Andrew Weir was born on 24th April, 1865 and started his working
life in the banking circles in Scotland. However, it soon
became apparent that his future ambitions lay in the shipping
industry and this ambition was soon to be realised. On 5th
May 1885, after a brief spell in a shipowner's office to learn
the ropes, he opened his own office in Glasgow and acquired
his first ship, the Willowbank, a sailing ship of 882 gross
tons. The business prospered and within ten years Andrew Weir
owned one of the largest fleets sailing under the red ensign.
During the thirty year period between 1885
and 1915 the company ordered 21 new vessels and acquired 24
other sailing ships, the last purchase being in 1896 and the
last addition to the fleet being in 1915. Details and a brief
history of each vessel can be found on a later page
By the end of the 19th century the company
began to take an interest in steam propulsion but were wary
of disposing of the sailing ship fleet until steam had proved
itself as a viable alternative. But, as a first step, in 1896
Andrew Weir acquired the steamship Duneric. Once the use of
steam had been proven the Duneric was followed by a long list
of steamships of increasing size all with the suffix "eric"
in the name. In fact, the growth of the steamship fleet was
as rapid as that of the sailing vessels in the company's early
days and it wasn't long before the combined tonnage of the steamship
fleet totaled 312,534 tons deadweight. At about the same time
the structure of the company began to change and instead of
utilising the ships in the tramping business, picking up cargoes
wherever they could, Andrew Weir began deploying them on regular
routes all over the world.
In the early years of the 20th
century rapid expansion necessitated to opening of a branch
office in Middlesbrough and in 1905 the headquarters of the
company was moved to London. In the same year Bank Line Ltd
was formed and since that date all ships have been registered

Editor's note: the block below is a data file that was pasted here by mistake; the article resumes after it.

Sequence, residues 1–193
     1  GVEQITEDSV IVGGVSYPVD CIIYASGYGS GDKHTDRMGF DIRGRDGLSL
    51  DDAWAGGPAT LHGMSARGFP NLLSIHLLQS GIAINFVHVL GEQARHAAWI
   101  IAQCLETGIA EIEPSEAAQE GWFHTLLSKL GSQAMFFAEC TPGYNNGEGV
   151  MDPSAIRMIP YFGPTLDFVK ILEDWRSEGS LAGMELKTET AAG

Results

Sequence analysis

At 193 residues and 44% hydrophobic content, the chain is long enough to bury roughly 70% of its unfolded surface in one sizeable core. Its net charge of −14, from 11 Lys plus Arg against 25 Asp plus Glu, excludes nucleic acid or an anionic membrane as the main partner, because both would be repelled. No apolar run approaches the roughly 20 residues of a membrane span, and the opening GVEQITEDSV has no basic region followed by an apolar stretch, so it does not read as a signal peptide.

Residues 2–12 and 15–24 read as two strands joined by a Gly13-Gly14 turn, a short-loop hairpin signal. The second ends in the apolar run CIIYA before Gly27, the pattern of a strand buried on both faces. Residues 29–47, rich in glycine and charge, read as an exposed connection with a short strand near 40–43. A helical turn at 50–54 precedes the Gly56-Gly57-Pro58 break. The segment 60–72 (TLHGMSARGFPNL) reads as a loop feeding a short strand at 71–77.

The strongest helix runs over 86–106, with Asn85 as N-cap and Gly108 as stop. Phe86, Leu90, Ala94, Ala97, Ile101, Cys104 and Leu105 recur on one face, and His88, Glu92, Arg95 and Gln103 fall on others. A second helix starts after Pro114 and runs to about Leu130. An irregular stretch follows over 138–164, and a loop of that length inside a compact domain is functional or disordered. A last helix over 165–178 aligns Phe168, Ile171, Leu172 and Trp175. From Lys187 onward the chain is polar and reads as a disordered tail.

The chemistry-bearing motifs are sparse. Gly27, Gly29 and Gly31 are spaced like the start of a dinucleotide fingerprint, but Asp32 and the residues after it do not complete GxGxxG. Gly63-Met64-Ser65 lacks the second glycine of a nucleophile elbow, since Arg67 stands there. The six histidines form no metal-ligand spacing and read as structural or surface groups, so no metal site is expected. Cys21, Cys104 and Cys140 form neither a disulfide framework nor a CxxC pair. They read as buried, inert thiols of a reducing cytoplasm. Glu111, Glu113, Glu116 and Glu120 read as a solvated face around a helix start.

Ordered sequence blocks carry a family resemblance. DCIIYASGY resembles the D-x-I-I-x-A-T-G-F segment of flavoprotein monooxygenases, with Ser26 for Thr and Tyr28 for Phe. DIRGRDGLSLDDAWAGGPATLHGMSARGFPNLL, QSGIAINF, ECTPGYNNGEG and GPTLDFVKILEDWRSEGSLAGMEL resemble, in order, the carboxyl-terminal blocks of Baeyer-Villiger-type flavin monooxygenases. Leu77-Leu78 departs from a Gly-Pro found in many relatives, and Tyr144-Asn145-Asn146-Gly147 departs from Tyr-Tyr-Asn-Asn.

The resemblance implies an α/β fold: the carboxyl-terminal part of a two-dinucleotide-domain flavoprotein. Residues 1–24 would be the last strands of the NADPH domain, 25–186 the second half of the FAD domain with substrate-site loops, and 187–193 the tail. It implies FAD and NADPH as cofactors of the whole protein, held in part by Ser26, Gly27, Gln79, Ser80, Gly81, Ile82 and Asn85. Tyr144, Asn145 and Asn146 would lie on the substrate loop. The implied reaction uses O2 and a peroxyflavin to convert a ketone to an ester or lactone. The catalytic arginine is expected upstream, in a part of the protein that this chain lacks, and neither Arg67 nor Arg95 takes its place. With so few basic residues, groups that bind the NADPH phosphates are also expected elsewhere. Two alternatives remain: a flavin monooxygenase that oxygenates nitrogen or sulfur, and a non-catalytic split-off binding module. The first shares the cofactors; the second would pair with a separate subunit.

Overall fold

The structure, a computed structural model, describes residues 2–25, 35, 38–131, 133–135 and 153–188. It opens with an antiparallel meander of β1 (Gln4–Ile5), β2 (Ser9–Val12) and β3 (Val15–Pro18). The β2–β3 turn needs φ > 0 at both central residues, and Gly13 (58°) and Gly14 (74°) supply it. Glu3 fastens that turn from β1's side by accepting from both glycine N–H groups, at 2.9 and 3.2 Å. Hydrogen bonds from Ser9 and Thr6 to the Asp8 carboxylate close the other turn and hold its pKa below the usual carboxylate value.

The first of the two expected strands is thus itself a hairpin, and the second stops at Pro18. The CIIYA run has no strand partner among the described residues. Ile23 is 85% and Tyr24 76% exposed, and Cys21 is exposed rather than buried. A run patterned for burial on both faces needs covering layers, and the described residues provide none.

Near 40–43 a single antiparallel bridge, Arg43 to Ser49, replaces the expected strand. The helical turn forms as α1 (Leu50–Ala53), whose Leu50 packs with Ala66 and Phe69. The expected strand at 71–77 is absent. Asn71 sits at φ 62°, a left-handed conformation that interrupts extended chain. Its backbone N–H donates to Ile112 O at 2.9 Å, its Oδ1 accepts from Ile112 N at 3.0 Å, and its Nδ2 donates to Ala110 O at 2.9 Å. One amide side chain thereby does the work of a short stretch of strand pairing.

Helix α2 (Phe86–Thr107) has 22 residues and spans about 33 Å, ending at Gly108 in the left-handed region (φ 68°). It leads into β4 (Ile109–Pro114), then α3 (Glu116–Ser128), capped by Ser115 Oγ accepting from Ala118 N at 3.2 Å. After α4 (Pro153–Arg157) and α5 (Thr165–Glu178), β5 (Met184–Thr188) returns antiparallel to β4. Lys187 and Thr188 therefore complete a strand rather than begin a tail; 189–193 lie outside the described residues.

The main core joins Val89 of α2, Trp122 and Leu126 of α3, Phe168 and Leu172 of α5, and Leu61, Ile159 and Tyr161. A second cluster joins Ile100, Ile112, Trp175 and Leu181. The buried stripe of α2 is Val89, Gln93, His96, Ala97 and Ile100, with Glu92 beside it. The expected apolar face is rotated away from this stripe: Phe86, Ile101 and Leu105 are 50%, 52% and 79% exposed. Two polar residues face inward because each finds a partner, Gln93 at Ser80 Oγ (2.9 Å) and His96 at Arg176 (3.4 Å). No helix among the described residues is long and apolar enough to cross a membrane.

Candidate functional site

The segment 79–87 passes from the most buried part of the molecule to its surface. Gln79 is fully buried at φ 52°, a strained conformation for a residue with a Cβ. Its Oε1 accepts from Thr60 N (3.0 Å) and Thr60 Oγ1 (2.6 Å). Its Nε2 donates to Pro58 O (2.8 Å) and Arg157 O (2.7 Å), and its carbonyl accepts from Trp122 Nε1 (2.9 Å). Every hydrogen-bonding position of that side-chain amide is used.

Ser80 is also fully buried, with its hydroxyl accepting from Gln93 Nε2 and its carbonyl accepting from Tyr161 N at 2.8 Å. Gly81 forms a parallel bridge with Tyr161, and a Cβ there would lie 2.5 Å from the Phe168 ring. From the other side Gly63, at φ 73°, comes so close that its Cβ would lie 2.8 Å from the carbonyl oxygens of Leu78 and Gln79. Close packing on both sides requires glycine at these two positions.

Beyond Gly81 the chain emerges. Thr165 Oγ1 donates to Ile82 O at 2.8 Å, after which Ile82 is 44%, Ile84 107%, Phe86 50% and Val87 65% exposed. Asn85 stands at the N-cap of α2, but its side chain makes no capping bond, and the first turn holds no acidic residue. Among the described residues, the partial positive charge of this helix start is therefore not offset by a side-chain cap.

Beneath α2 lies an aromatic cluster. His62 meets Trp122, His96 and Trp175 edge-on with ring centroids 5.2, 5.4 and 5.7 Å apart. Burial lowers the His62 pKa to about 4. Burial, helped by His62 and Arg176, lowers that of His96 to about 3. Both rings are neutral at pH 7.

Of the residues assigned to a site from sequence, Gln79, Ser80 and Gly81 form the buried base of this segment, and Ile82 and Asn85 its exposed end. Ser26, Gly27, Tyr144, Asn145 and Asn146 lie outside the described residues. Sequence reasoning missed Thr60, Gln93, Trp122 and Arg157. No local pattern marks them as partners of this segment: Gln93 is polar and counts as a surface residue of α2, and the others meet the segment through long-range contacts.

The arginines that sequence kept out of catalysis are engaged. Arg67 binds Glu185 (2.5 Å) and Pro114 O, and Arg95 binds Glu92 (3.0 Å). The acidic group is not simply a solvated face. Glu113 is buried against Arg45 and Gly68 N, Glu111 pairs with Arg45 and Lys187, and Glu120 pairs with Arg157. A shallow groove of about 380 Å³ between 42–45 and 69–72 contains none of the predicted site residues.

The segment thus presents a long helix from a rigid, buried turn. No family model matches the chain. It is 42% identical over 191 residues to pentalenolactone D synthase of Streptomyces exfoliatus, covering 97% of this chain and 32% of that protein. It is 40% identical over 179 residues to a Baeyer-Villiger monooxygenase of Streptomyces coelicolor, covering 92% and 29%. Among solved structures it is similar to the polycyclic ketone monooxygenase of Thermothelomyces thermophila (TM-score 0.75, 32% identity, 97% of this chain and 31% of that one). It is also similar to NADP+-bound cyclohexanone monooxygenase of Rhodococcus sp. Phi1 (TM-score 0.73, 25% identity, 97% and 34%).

in that company or one of its subsidiaries. At the same time
the first of many branches were established overseas in New
York, Buenos Aires, San Francisco, and Hong Kong. In 1906 the
company inaugurated its India-African Line followed, in 1907,
by the introduction of a Seattle to Australia service.
The India - African Line was
formed to carry immigrants from India, mainly from the Gujarat
region, to South Africa to work the newly established sugar
plantations in Natal as the back-breaking work would not be
performed by the local Zulu population. The company initially
used chartered tonnage and operated a monthly service from Cape
Town to Calcutta and Rangoon. The passenger service, however,
really got underway in 1913 when the Johannesburg, the Fort
Salisbury and the Buluwayo were purchased from the Bucknall
Line and renamed the Surat, the Gujarat and the Kathiawar.
The next milestone in the company's history
was in November 1913 when the first oil tanker joined the fleet.
The Desabla (6,047 GRT) was built and engined by Hawthorn Leslie
& Co. Ltd at Newcastle but it wasn't until after the First
World War that the tanker fleet began to expand.
In 1917, with the First World War in its fourth
year, Andrew Weir was called into public service and appointed
to the office of Surveyor General of Supply at the War Office.
He became a member of the Cabinet in January 1919 as Minister
of Munitions and in 1921 was appointed as the first chairman
of the Liquidation and Disposals Commission. This role took
him all over the country and occasionally to the battle-fields
of France. For his services to the country Andrew Weir was created
the first Baron Inverforth of Southgate.
When Andrew Weir became a Cabinet minister
he resigned from the company and was succeeded by his son the
Hon. A. Morton Weir. In due course, however, Lord Inverforth
return to the company to continue to guide the partnership he
Following his success with steamships Lord
Inverforth was quick to spot the potential of the internal combustion
engine and, once again, embarked on a rapid expansion program
to incorporate the new technology. In 1922 he consulted with
Lord Pirrie the chairman of Harland & Wolff and placed his
first order for 21 motorships, 18 of which were to comprise
the "Inverbank" class. With the advent of the diesel
ship the company reverted to using the suffix "Bank",
which had fallen into disuse at the end of the sailing ship
era, on all vessels.